As tournaments wind down this week in Estoril, Munich, Prague and Rabat, Doubles Take looks at the teams who’ve really been digging the dirt thus far.
Much has been mentioned about the parity in men’s and women’s singles this year, with Roger Federer and Petra Kvitova the only two to win more than one singles title.
Some of that has carried on to doubles for both tours, particularly during the current stretch on clay. A mix of stand-out runs and breakthrough performances has many a team eyeing the big prize—the French Open, which is only a few weeks away.
One thing’s for sure as the year’s second Grand Slam approaches: The defending champions won’t be there.
Pierre-Hugues Herbert is focusing on singles the next few months, leaving Nicolas Mahut looking for a new partner. He’s found Jurgen Melzer—who’s actually in the midst of a Herbert reversal by focusing on doubles—at a Challenger in Bordeaux.
Things were going OK until they had to withdraw halfway through their second-round match. Mahut is entered in Madrid with Herbert, and in Rome with Jeremy Chardy.
Juan Sebastian Cabal and Robert Farah, last week’s champs in Barcelona, are at their most dangerous on clay and will definitely be among the front runners, as will the team they beat in that final, Jamie Murray and Bruno Soares.
Some players have gotten on big streaks the past few months with perhaps the best team on the dirt this year being Horacio Zeballos and Maximo Gonzalez. During the “Golden Swing”, Gonzalez had a Bryan-brothers-like run, reaching the final at all four events—two of them with Zeballos. Gonzalez and Guillermo Duran, his partner for the week in Estoril, dropped their quarterfinal match. The only seeded team to make it to the semis there, in fact, is Marcus Daniell and Wesley Koolhof, while no seeds made it to the final four at the ATP’s other stop this week in Munich.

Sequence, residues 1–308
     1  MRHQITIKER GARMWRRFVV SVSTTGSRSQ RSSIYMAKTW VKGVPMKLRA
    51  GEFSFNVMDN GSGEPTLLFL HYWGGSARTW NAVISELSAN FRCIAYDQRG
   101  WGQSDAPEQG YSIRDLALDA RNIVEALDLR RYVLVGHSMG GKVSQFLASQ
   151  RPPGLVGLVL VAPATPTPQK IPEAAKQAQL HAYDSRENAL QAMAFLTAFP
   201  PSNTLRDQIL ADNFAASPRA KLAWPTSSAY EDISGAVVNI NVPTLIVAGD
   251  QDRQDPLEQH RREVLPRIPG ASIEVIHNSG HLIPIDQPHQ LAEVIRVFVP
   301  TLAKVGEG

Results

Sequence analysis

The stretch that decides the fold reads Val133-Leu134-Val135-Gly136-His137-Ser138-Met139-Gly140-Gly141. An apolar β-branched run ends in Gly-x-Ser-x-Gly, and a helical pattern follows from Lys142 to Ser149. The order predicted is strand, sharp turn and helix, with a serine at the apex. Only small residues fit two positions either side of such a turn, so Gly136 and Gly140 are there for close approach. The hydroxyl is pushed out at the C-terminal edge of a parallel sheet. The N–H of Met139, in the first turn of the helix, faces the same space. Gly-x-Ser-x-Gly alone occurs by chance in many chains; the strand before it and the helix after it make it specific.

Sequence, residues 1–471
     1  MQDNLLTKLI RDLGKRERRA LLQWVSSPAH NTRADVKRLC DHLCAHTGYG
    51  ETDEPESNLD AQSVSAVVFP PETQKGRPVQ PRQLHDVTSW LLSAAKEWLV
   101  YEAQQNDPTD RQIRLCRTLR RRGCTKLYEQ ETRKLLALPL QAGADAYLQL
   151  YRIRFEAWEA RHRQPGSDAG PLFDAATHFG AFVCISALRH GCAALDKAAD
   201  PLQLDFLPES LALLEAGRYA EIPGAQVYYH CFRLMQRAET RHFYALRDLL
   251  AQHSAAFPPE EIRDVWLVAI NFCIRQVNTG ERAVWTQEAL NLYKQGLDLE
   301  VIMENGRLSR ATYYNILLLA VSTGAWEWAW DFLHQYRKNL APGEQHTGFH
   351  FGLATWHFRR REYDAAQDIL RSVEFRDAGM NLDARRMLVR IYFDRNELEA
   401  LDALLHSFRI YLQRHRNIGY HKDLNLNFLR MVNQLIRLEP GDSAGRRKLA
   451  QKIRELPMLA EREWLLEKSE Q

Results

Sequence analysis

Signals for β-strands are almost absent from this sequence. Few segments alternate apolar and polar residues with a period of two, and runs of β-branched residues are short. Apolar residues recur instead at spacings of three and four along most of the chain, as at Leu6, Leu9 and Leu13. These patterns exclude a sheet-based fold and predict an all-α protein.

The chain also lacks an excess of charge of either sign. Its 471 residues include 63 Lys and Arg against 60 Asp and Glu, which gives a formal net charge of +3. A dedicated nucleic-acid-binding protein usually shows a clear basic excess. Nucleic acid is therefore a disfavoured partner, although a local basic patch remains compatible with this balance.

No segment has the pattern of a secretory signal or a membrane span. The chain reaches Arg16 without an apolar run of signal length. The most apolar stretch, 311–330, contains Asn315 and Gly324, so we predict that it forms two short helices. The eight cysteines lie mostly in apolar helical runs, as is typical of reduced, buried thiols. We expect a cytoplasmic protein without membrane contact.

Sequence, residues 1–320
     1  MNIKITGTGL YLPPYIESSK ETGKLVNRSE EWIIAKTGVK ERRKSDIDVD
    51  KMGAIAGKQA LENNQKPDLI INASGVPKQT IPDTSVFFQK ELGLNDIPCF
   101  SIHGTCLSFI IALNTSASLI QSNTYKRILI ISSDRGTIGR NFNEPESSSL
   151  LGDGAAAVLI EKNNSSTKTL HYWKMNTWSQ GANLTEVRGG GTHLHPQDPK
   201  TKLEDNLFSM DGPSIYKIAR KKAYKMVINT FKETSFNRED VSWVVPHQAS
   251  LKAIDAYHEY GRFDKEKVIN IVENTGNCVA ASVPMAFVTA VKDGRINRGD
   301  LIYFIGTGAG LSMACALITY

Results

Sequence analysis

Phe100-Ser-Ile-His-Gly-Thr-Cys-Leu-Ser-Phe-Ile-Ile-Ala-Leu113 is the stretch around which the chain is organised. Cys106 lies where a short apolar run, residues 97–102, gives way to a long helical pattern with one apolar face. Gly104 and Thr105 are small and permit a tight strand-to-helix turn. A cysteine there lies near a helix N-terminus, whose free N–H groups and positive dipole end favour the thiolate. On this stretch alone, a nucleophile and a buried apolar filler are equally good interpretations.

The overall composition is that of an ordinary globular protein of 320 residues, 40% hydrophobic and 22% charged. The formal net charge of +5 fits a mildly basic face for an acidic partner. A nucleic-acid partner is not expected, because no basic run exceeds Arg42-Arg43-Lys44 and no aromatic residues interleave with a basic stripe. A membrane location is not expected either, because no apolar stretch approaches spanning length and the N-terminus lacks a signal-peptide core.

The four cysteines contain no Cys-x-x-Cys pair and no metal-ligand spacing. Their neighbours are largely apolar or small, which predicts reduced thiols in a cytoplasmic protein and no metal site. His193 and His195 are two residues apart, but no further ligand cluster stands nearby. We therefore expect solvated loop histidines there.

With new teams to be crowned this week, the notion of depth on the ATP Tour has only intensified.
On the WTA Tour this year, the clay has been kind to multiple teams. At the first stop in Charleston, the veterans Anna-Lena Groenefeld and Alicja Rosolska got their partnership off to a perfect start with the title.
Just last week in Stuttgart, Groenefeld’s countrywomen Mona Barthel and Anna-Lena Friedsam delighted the home crowd with the title. Perhaps a sign of things to come, though, was the victory by Timea Babos and Kristina Mladenovic in Istanbul. Last year’s Australian Open champs know what it takes to prepare for a major.
With the finals set in both Prague and Rabat, those duos getting that far will look to keep pushing in the weeks ahead. If they keep playing like this, Rabat finalists Maria Jose Martinez Sanchez and Sara Sorribes Tormo will be a tough out.
The Spaniards lost in the first round in Stuttgart, but with their final in Morocco join the ranks of the teams to beat during the clay-court season so far.
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